Dark Justice was Max Payne’s first working title, and the title is of course a reference to the vengeance theme that persists through the game, although the game was still an isometric shooter. The plot was written by Sami Järvi (better know by the pen name of Sam Lake), but few elements of the game’s mechanic were ideas of Scott Miller, who explained part of Max Payne’s development process in a post on his blog Game Matters:

Max Payne was conceptualized during Tomb Raider’s peak run, and the design purposely avoids the special elements that made Tomb Raider unique and popular, such as swimming, the acrobatic moves, settings, horrible third-person camera, stuff like that. […] The game was designed with several interesting hooks to help it stand-out and generate buzz. The key hook is bullet-time, which I won’t go into further. But perhaps overlooked are other important hooks:  The game’s film noir style,  the game’s graphic novel story presentation, and [3] the game’s Hong Kong flick cinematic action. […] The game was originally titled Dark Justice, as this well describes the game’s theme. But, we felt it was more important to focus on the game’s lead character like we had previously done with Duke Nukem.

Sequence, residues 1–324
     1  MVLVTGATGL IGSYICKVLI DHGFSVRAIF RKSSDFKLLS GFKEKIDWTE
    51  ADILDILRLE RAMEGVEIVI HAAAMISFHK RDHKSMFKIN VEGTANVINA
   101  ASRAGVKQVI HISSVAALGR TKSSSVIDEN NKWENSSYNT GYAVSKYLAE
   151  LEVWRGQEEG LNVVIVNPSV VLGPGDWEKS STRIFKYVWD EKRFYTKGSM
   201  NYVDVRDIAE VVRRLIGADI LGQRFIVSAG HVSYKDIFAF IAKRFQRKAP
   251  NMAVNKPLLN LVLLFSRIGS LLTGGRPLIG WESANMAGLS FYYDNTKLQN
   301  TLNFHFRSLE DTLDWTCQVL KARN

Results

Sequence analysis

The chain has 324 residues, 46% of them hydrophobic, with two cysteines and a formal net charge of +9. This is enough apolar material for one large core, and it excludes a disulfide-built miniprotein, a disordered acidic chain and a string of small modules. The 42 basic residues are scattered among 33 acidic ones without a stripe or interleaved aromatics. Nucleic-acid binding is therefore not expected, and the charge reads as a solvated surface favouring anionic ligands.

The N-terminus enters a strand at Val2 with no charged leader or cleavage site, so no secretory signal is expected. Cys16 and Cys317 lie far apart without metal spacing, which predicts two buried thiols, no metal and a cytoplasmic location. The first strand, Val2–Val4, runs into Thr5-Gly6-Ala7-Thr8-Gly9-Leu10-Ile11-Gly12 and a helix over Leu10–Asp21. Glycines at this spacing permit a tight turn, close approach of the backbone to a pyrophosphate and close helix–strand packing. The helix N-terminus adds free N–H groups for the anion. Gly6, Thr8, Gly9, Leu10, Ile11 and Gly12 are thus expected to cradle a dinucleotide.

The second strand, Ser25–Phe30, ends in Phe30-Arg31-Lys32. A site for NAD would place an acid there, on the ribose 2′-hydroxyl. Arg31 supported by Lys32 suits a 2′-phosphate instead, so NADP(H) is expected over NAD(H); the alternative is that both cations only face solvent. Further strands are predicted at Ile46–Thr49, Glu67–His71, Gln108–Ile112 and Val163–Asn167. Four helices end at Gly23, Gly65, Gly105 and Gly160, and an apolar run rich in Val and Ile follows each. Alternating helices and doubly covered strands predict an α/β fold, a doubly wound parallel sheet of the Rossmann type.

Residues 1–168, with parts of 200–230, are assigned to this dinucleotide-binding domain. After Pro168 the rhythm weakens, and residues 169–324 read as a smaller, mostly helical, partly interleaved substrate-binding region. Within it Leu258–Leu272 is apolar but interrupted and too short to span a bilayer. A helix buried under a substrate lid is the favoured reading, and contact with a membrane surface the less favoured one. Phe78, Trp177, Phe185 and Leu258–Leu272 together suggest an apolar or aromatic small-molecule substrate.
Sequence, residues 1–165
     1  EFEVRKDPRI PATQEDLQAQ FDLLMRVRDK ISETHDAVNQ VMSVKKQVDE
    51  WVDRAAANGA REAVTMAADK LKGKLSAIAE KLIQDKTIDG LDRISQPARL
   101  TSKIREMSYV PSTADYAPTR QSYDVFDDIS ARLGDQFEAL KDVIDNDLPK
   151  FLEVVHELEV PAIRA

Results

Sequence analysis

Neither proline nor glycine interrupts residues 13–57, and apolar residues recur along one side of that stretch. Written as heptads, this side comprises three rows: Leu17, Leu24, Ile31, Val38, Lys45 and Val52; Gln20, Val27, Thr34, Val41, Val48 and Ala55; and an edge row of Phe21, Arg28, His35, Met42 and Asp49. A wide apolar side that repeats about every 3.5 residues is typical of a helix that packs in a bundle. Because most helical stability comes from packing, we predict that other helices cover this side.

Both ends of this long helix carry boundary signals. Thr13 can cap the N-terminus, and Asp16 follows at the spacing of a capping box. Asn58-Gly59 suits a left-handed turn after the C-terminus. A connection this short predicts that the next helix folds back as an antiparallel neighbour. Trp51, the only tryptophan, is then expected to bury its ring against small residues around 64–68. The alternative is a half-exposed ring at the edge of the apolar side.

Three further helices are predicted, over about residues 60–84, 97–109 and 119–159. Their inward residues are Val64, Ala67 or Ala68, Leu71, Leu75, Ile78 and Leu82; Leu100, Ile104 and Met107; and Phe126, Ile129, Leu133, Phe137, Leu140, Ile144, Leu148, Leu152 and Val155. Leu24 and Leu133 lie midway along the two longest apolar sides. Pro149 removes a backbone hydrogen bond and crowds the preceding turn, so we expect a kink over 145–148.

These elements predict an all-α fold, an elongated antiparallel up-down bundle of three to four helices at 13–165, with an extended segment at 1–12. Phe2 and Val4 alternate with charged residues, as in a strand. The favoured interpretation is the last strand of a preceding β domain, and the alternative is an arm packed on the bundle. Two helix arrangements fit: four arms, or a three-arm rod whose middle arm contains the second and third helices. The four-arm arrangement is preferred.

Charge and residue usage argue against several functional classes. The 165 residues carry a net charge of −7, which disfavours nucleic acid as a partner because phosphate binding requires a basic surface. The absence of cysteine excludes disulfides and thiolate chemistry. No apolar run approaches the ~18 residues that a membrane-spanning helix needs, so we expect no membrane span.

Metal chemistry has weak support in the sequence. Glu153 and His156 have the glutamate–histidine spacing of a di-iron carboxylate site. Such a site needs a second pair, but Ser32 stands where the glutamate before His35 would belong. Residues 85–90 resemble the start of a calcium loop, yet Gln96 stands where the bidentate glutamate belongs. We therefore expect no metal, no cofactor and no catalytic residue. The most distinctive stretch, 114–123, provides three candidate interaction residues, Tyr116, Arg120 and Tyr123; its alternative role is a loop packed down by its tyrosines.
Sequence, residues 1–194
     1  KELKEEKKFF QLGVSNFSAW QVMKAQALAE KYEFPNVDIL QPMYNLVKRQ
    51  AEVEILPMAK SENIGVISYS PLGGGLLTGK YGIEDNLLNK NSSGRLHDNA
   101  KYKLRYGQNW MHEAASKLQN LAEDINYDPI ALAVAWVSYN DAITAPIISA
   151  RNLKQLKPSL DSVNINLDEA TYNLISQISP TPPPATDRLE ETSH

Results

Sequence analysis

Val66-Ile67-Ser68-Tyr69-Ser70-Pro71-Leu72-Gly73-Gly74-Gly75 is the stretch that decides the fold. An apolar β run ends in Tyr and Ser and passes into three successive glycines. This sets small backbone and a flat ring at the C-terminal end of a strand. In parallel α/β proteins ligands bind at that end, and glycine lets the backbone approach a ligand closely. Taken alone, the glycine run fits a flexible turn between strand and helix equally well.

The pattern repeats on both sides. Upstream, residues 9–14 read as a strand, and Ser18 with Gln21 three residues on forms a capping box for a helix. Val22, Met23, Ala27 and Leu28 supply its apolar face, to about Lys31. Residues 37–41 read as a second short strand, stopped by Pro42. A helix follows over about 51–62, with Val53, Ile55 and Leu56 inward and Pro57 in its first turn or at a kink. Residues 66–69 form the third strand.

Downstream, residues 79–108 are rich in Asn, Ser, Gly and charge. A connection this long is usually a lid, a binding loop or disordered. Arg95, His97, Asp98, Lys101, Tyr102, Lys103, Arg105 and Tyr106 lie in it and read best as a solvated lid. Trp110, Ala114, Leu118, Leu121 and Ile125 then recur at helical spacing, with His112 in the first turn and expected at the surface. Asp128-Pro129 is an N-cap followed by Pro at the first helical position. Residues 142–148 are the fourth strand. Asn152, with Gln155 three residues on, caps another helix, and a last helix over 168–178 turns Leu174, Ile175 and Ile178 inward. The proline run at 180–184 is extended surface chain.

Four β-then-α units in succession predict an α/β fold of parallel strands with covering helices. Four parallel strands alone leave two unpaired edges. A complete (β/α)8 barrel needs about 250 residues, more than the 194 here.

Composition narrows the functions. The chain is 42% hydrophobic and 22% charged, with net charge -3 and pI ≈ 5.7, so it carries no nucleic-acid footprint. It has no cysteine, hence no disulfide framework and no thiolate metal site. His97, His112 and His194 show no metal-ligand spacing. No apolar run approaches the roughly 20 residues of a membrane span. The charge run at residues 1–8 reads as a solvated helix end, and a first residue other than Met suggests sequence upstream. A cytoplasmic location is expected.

Given the fact that they needed to focus on the character, to build up a transmedia franchise, according to the Apogee FAQ on Rinkworks.com, Scott Miller came up with the name Max, soonly expanded in Max Heat, which later became the final title Max Payne (the title Max Heat appears in the final games, in both Max Payne and Max Payne 2, as the title of pornographic magazines and movies):

So we needed the name of the game to be the name of the character, and we needed a great, memorable character name that conveyed the essence of the character.